A Michigan Court of Appeals on Thursday overturned a state Public Service Commission (PSC) decision to allow DTE Energy a $37 million rate increase to pay for smart meters.
According to a story in the Detroit Free Press, the court said DTE hadn’t provided enough evidence to justify the rate increase. “We will not rubber stamp a decision permitting such a substantial expenditure – a cost to be borne by the citizens of this state – that is not properly supported,” said the written opinion of the three-judge appeals court panel.
Robert Strong, an attorney who argued against the rate increase for the Association of Businesses Advocating Tariff Equity, was quoted as saying a related decision by the appeals court was even more significant. The court also denied a “rate decoupling mechanism” approved by the PSC that would have guaranteed DTE specific revenue levels even if power consumption drops.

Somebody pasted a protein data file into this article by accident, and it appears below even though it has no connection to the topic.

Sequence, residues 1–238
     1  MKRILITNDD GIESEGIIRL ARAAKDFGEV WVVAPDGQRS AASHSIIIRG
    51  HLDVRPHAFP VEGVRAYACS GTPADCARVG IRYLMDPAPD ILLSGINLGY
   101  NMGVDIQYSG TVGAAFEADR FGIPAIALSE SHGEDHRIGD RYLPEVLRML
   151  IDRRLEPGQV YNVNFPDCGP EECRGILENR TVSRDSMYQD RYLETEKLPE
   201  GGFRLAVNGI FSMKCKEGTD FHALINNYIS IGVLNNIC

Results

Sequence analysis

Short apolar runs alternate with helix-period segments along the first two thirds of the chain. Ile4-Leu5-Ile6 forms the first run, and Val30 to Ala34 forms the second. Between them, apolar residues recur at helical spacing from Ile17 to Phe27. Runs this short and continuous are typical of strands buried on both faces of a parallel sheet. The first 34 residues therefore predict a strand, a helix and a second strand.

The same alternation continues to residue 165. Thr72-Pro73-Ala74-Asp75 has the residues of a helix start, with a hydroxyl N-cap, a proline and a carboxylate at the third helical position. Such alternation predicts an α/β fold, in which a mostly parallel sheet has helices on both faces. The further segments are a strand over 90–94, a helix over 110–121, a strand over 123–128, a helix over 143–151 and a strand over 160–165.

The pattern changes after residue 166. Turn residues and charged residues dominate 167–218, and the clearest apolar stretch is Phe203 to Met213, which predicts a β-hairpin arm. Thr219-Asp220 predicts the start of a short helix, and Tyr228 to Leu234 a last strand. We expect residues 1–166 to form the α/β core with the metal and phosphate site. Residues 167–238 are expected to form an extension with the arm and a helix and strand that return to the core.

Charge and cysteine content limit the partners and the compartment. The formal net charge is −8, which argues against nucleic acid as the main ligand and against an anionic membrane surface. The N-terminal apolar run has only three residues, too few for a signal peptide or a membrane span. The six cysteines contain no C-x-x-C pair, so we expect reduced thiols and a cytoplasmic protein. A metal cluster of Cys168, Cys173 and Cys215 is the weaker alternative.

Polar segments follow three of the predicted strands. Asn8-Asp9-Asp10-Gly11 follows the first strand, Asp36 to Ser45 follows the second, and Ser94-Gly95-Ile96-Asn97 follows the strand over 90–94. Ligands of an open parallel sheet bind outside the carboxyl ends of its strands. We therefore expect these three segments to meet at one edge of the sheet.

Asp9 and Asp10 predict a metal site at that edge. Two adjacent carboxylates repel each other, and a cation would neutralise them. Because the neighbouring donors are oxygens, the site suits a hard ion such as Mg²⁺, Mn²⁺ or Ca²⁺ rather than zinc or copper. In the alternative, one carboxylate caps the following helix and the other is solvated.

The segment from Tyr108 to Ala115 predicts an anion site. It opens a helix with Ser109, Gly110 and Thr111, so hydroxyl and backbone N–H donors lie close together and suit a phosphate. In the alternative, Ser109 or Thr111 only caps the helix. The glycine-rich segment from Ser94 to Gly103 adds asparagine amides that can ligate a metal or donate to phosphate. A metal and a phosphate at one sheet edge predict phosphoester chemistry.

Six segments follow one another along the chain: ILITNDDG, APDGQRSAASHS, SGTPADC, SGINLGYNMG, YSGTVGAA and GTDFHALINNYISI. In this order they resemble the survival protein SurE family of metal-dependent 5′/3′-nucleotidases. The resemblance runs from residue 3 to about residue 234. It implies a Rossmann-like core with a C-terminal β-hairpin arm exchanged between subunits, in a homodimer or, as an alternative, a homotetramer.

The court didn’t stop there. It told the PSC to investigate the benefits and possible burdens of smart meters. The court said “At best, the actual evidence presented by Detroit Edison to support the rate increase was aspirational testimony describing the (smart meter) program in optimistic, but speculative terms.”
The court ruling affects a $217.4 million increase for all customers the PSC approved for the utility in 2010.
The PSC said in January that it would investigate the use of smart meters by DTE and other utilities in the state. DTE spokesman Scott Simons said he hopes the matter can be resolved by the investigation, the Free Press article said.